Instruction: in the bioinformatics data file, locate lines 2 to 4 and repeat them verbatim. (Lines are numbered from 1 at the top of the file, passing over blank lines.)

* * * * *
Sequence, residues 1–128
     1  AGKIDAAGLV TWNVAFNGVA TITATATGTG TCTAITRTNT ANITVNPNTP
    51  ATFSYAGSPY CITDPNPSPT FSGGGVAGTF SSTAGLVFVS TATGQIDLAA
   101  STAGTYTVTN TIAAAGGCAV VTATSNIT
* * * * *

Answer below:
     1  AGKIDAAGLV TWNVAFNGVA TITATATGTG TCTAITRTNT ANITVNPNTP
    51  ATFSYAGSPY CITDPNPSPT FSGGGVAGTF SSTAGLVFVS TATGQIDLAA
   101  STAGTYTVTN TIAAAGGCAV VTATSNIT